Saturday, February 25, 2023

Today's read... Winter in the Forest by Christine Copeland

While part of me is flower dreaming, I'm not quite ready for the season change, yet. I'm a winter fan, so when I saw today's read, I was intrigued. This is part of a seasonal series, and I believe, the second one so far. I have high expectations on the art end and hope it will glide into beautiful landscapes of snow and trees. 
Let's bundle up and find out what this read holds! 

by Christine Copeland
Picture Book
32 pages
ages 2 to 6

Winter in the Forest is the second in a series of picture books for pre-K and early elementary children about the natural world, in particular the deciduous forest of the American Northeast. This book depicts the cold stillness of winter and adaptations that plants and animals make during this long dark time. The three primary themes are snow and cold, long dark nights, and dormancy.  


The language of our books is lyrical, the images are entrancing and sometimes humorous but always realistic - think field guides for 3- to 8-year-olds. There is a tracking activity in back for young readers who go out in the snow.  


Children will learn the names and habits of forest animals and plants so that they can recognize them in natural settings. These books engage children's innate curiosity and connection to the living world so that they can learn complex principals in simple, age- appropriate language.  





Beautiful artwork invites for gazing and getting lost in a snow-covered world.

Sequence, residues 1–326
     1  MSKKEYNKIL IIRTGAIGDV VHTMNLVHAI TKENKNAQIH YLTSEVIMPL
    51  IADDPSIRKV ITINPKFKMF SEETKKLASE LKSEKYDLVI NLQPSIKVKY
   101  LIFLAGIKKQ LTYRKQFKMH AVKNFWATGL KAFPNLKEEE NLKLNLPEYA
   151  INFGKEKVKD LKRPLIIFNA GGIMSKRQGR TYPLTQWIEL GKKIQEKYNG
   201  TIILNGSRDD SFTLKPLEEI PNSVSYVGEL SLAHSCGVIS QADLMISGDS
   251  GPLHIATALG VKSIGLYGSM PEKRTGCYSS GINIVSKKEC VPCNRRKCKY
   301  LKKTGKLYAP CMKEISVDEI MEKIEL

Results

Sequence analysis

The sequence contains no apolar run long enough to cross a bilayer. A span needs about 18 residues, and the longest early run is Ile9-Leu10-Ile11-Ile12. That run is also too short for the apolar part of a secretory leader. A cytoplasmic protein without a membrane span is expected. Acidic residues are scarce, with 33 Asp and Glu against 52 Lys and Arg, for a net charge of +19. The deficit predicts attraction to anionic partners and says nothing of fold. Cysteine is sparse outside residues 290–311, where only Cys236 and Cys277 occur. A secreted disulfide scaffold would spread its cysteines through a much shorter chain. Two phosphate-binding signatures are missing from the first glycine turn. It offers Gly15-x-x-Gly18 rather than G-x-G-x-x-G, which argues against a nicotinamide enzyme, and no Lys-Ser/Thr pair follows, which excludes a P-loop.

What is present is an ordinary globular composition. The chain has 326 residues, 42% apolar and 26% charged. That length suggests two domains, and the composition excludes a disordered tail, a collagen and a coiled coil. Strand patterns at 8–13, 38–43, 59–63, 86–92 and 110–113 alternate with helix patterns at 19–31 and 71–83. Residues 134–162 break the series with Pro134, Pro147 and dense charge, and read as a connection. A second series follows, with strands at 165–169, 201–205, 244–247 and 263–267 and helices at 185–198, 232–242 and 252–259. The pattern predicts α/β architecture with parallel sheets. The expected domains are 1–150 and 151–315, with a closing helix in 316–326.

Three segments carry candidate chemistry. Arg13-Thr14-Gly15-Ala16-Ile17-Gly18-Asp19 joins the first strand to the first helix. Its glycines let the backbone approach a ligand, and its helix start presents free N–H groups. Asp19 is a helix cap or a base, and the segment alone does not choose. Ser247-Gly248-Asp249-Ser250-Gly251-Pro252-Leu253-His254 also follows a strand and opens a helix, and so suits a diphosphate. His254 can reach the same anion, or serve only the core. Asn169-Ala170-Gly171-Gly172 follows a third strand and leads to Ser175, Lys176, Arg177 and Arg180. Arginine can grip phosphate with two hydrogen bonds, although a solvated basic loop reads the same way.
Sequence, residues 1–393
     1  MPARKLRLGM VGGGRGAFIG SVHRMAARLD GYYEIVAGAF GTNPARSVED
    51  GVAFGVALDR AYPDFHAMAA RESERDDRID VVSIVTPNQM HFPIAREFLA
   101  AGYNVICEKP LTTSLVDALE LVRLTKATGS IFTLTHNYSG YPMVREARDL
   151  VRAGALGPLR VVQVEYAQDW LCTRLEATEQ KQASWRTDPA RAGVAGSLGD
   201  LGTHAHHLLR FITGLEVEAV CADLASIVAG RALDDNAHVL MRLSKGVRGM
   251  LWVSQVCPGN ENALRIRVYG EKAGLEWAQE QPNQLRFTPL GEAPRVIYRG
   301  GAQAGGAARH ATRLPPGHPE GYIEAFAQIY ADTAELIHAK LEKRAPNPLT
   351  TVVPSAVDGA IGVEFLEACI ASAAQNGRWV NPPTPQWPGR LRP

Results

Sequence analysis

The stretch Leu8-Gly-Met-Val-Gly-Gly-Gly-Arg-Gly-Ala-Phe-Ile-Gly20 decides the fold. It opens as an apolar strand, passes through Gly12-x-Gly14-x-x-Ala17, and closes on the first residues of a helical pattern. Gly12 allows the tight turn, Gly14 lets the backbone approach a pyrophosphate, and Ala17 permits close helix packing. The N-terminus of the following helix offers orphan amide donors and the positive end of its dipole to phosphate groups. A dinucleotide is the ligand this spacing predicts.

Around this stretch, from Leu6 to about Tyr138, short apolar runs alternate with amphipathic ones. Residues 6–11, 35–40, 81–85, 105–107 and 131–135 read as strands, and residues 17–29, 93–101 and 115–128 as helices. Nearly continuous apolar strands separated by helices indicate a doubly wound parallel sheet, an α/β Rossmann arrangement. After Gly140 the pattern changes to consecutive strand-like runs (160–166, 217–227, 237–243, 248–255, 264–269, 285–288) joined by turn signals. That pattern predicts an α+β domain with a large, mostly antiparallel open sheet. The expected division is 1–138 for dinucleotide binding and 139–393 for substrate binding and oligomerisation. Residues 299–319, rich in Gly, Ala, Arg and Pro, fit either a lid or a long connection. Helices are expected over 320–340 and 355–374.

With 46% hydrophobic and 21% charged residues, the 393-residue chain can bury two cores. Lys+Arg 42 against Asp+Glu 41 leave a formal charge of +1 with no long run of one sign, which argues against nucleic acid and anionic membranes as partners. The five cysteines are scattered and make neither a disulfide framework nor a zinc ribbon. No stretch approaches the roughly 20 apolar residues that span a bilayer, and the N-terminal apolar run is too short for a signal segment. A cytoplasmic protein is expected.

This book holds everything the title promises and offers a serene look at a snowy forest during winter and all the wonders it harbors. The entire thing is written in poetic form, which flows very well and is enjoyable to read. But the author doesn't forget that young listeners/readers have short attention spans. The poem's lines are simple and brief enough to maintain interest without loosing the beauty of the form. Plus, the text does not carry this read, but rather accompanies the illustrations and adds the perfect touch to the atmosphere. It's very well balanced for a picture book and does allow the gentle atmosphere to stay strong the whole way through.

The illustrations are created in watercolor and are lovely. While the scenes invite to dreaming, the details and interesting aspects aren't forgotten. Various forest animals appear, one by one, never with much announcement but with the same gentle atmosphere as a snowy winter holds. Not only will listeners recognize the animals but gain a little insight on which ones are common in a forest and what their activities might be. For example, while bears and frogs hibernate, owls fly and coyotes bark. This is all introduced slowly to allow listeners/readers to enjoy and consider each one. Then, as an extra bonus, the footprints of these creatures are in the snow. This isn't really pointed out during the read, but at the end of the book, there's a quick overview of the various prints and which 'creature' they belong to. This also invites listeners/readers to return to the story again and search them out on the second run-through.

It makes a lovely read for even younger listeners and is sure to be enjoyed during more than just the winter season.

And here she is...

Christine Copeland lives in the forest of Massachusetts with her husband Bill, a pediatrician, naturalist and teacher, and their dogs and cat. Her sons have fledged but return seasonally. Christine has a BFA from Cornell University and a master’s in education from Antioch New England. She combines her love for painting with her love for young children and nature-based education. She is an author/illustrator and paints in oil. Her work can be seen at and  



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